In punk, you have to be aggressive and confident, relentless in your drive for change. Most punk rockers come from poor backgrounds and they're nearly always outnumbered. Similarly, entrepreneurs have to pitch their product and rely on VC funding, all while attempting to overthrow tech behemoths and improve obsolete processes.
Punk is truly all about taking a DIY approach to the traditional forms of music -- it embraces scrappy, self-produced recordings made in basements and garages, and the use of alternative approaches when faced with obstacles. As a tech leader, I believe in being a catalyst for change. However, you can't wait for that change to happen, you have to be motivated and passionate enough to proactively do something about it. And you can't be concerned with what others think about you --it's imperative to remain focused on being comfortable with who you are and your core mission, despite traditional pressures trying to prevent you from becoming who you're meant to be.
What are some things about entrepreneurship that are similar to being in punk rock?
Every decade spawns a new music genre -- and the same applies to Information Technology. Just as there was an inherent need for punk to drive change in music, there is an immediate need for seismic change in data center security. Security innovation is powered by passionate entrepreneurs who are committed to solving complex customer problems -- paving new paths in the traditional security roadmap.
While punk rock's emergence is debatable, the fundamental premise was the rejection of the mainstream to challenge a status quo that was dependent on established structures. Punk rock was not about doing something incrementally better, but rather, it emerged as an entirely new genre of music. In the data center, disruption has, and always will be, the driving force behind industry transformation--first, it started with computing, then moved to storage and networking. Security is the natural next step. For data center security entrepreneurs, it's not about taking an incremental approach, but completely rebuilding for the cloud, from the ground up.
Authenticity is at the heart of every true punk rocker -- and they're quick to reject posers and those who are attempting to be something they're not. As a tech entrepreneur in a world filled with "the next big thing," the ability for a startup to be authentic is a key barometer of a company's success. vArmour offers the real deal, protecting the data center in a way that traditional security vendors can't come close to attempting -- it's nearly impossible for them to take an old-world method and apply it to a new-world problem. Similar to how punk rockers threaten authority, entrepreneurs and startups threaten the traditional approaches. You have to surround yourself with the crazy dreamers who can be catalysts for change in the industry.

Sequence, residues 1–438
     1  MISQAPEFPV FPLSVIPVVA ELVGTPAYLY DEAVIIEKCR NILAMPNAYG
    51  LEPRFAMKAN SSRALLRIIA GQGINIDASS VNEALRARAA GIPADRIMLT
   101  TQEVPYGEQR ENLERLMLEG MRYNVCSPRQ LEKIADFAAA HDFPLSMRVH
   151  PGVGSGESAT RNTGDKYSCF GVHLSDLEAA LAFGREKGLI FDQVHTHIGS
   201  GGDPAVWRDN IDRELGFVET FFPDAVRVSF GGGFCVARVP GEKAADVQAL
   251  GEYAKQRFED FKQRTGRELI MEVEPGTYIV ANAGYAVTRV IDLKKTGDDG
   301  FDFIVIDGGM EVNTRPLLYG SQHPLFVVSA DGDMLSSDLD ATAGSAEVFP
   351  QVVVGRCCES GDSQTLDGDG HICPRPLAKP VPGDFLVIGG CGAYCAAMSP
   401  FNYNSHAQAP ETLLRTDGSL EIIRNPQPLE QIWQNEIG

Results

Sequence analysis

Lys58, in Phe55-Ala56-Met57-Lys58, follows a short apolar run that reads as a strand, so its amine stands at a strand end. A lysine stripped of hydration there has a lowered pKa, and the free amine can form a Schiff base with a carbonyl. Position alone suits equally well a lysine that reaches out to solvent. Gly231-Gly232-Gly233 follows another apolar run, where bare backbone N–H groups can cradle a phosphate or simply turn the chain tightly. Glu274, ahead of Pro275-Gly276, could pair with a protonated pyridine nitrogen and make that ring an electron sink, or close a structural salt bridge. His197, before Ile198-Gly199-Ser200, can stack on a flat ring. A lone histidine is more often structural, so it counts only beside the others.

To quote Joey Ramone, "To me, punk is about being an individual and going against the grain and standing up and saying 'This is who I am.'"
Punk rock has always had an affinity for the nontraditional -- shows would be held in basements, alleyways, and the like. For entrepreneurs who are breaking down barriers between the traditional and nontraditional, it's always been about independence and the need to escape from existing paradigms and norms. Consider what we're doing with vArmour: we broke away from the industry standard to create the only distributed data center security solution on the market today.
The punk rock movement has inspired countless other bands to form their own, unique type of music, encouraging musicians to bring the punk rock spirit to different genres. For entrepreneurs who want to build a better data center, it's about finding collaborators who are doing something different -- and coming together to integrate products that drive value in ways that were never before deemed possible.